Arts Review, Movies
Starring: George Clooney (Frank Walker), Thomas Robinson (young Frank), Hugh Laurie (David Nix), Britt Robertson (Casey Newton), Raffey Cassidy (Athena), Tim McGraw (Eddie Newton), Kathryn Hahn (Ursula), Keegan-Michael Key (Hugo Gernsback)
Whatever happened to the world of tomorrow? Zoomers will recall the future promised to us as kids. By now, we should be living in a technicolour paradise, surrounded by sleek, gorgeous uber-art deco or art moderne architecture, while taxis would fly us from place to place in gleaming cities, with every possible type of convenience made available to us. Robots would be doing our work and the atom, our friend, would provide us with more energy than we’d ever need. Look back at old science-fiction magazines or educational films from the Fifties and you can see that “tomorrowland” was just around the corner.
Brad Bird, Pixar’s and Disney’s go-to director, has fashioned a tomorrowland in the first half-hour of his new film that is wonderfully evocative of that memorable phantasm of the past. Taking us back to the iconic 1964 New York World’s Fair, which represented the apex of the optimistic thinking of the era, Bird sends young science nerd Frank Walker into the imaginary future we all believed in. He meets the cool, stylish young Athena and the enigmatic scientist Nix. All seems right in this future world—for a while.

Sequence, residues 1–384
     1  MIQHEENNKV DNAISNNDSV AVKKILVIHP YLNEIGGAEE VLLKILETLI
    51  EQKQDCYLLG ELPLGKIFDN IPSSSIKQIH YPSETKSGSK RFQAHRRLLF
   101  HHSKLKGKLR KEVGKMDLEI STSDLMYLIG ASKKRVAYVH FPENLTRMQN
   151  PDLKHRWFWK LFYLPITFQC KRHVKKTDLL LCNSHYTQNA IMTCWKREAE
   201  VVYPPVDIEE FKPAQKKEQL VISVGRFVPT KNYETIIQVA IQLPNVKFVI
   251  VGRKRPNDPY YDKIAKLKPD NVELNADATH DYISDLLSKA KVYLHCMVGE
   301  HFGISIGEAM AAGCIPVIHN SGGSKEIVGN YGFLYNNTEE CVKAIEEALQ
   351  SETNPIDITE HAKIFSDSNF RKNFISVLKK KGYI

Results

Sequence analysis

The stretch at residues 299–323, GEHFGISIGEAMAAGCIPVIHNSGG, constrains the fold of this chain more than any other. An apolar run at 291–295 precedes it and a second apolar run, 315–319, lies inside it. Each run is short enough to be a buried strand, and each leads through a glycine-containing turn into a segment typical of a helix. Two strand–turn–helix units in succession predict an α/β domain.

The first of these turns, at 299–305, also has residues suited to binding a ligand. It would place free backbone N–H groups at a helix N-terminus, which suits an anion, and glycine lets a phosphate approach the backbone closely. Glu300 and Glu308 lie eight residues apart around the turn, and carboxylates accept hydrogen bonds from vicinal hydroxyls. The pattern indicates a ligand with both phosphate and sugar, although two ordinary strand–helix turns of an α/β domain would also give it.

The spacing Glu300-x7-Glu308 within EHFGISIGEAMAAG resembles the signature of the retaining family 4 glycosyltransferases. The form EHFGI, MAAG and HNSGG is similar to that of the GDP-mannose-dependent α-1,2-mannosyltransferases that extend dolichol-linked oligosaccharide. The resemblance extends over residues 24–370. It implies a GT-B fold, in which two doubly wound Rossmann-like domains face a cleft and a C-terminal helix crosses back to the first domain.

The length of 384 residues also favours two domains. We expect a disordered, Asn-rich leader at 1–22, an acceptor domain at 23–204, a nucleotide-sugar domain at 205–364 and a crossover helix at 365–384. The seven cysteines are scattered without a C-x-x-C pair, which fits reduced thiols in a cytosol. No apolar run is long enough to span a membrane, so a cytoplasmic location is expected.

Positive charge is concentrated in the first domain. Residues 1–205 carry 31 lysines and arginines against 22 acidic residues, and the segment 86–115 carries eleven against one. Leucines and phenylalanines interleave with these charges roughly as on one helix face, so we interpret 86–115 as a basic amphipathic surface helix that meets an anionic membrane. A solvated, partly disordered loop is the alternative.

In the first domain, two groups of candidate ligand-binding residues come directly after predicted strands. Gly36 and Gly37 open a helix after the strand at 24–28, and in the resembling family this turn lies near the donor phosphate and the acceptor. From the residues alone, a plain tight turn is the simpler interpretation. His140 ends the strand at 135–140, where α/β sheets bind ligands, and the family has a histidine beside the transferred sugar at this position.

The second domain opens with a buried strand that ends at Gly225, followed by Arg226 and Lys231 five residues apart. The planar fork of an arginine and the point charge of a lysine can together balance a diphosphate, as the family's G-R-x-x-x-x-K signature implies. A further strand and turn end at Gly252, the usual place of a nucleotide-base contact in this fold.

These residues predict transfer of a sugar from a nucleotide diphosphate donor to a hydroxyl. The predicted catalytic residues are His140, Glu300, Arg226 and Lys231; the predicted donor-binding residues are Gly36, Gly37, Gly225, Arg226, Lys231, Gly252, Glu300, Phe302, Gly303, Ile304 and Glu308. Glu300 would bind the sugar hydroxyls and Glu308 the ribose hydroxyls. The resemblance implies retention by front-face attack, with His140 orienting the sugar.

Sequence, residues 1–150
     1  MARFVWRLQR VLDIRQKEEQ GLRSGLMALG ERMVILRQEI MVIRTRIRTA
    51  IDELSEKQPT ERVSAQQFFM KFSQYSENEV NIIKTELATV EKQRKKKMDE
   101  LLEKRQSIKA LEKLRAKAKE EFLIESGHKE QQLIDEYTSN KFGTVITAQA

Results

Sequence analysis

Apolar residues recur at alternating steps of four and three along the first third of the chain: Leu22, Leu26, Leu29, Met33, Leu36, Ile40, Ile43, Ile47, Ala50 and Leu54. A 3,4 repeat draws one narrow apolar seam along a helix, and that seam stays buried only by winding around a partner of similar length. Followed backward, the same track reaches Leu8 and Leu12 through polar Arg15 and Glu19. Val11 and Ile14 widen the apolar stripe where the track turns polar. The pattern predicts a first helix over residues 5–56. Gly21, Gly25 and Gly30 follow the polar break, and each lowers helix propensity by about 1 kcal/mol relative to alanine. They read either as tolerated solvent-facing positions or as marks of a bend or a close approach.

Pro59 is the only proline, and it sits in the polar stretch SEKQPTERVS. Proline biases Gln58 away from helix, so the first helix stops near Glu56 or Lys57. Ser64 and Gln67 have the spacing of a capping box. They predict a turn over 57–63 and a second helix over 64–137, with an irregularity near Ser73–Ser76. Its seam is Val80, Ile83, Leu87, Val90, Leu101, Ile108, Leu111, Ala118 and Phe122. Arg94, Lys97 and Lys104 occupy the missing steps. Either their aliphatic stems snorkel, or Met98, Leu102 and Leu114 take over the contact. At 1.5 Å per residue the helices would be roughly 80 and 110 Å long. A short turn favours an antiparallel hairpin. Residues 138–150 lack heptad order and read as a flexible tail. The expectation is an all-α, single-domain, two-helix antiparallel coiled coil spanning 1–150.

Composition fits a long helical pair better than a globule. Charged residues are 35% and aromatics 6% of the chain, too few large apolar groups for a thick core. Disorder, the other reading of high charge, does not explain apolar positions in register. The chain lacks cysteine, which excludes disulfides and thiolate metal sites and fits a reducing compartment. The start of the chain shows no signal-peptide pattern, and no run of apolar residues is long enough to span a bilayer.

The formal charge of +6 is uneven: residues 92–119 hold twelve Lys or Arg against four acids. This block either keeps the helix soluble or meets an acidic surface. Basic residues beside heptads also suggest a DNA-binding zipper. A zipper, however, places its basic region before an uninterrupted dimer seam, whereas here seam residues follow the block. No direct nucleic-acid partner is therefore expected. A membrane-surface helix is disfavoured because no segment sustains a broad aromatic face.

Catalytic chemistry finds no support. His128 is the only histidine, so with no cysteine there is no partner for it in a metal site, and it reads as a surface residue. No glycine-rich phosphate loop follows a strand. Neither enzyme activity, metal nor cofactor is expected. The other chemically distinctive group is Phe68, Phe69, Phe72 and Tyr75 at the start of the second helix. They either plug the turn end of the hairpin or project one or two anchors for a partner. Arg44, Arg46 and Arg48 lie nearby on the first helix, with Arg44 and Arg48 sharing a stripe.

In the present, teenaged science nerd Casey Newton is also given a glimpse of this paradise. But when she tries to find out more, she finds herself attacked by robots and menaced by mysterious forces—and the police. Then, she meets the grown-up Frank, grumpy and brilliant and all the shenanigans really begin. They’re pursued by truly murderous robots in Frank’s house—a bravura scene—and eventually escape to a tomorrowland that isn’t anywhere as nice as the one envisioned in the Sixties.
Tomorrowland is shot through with crazy, interesting ideas that aren’t properly pursued. In the last third of this massive, odd film, the dysfunctional future that we now fear replaces the proposed paradise of the past. Ecology rears its formidable head—with concerns of climate change, water pollution and the rest—and we’re treated to end-of-the-world doom and gloom.
Sadly, there are many problems in our world but nothing that Disney can’t cure with a sock in the jaw to an enigmatic villain and a good ol’ return to optimism. Brad Bird, who has already won two Oscars for the animation features Ratatouille and The Incredibles, can direct live action with lots of f/x brilliantly so there’s much in Tomorrowland to admire. But in terms of well thought through ideas, this film is a mess. Go see it for the thrills and its visual beauty but please don’t take away any messages from it.
Written by Marc Glassman
Adjunct Professor, Ryerson University
Director, Pages UnBound: the festival and series
Editor, POV Magazine
Editor, Montage Magazine
Film Critic, The New Classical FM
Film programmer, Planet in Focus
Tune in to hear Marc Glassman’s Art Reviews
Friday’s at 9:07am on Good Day GTA.